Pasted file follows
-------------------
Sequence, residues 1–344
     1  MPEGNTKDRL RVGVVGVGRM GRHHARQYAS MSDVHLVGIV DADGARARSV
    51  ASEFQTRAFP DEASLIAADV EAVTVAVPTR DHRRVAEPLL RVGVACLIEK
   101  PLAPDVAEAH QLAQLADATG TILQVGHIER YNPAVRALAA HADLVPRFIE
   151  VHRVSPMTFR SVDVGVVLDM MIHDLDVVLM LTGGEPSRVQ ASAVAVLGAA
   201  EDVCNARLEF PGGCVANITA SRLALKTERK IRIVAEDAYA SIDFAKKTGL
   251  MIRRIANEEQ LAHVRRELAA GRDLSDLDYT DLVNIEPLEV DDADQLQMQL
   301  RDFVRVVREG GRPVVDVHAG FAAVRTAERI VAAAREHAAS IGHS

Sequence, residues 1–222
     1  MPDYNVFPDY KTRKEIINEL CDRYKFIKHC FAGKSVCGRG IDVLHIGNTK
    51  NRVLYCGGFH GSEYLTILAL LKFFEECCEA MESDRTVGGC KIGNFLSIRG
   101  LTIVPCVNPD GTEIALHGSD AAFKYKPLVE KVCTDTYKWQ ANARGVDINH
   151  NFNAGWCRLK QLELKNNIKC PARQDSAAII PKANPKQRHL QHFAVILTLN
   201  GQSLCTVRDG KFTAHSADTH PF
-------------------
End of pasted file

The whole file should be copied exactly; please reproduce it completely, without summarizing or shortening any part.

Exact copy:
Sequence, residues 1–344
     1  MPEGNTKDRL RVGVVGVGRM GRHHARQYAS MSDVHLVGIV DADGARARSV
    51  ASEFQTRAFP DEASLIAADV EAVTVAVPTR DHRRVAEPLL RVGVACLIEK
   101  PLAPDVAEAH QLAQLADATG TILQVGHIER YNPAVRALAA HADLVPRFIE
   151  VHRVSPMTFR SVDVGVVLDM MIHDLDVVLM LTGGEPSRVQ ASAVAVLGAA
   201  EDVCNARLEF PGGCVANITA SRLALKTERK IRIVAEDAYA SIDFAKKTGL
   251  MIRRIANEEQ LAHVRRELAA GRDLSDLDYT DLVNIEPLEV DDADQLQMQL
   301  RDFVRVVREG GRPVVDVHAG FAAVRTAERI VAAAREHAAS IGHS

Sequence, residues 1–222
     1  MPDYNVFPDY KTRKEIINEL CDRYKFIKHC FAGKSVCGRG IDVLHIGNTK
    51  NRVLYCGGFH GSEYLTILAL LKFFEECCEA MESDRTVGGC KIGNFLSIRG
   101  LTIVPCVNPD GTEIALHGSD AAFKYKPLVE KVCTDTYKWQ ANARGVDINH
   151  NFNAGWCRLK QLELKNNIKC PARQDSAAII PKANPKQRHL QHFAVILTLN
   201  GQSLCTVRDG KFTAHSADTH PF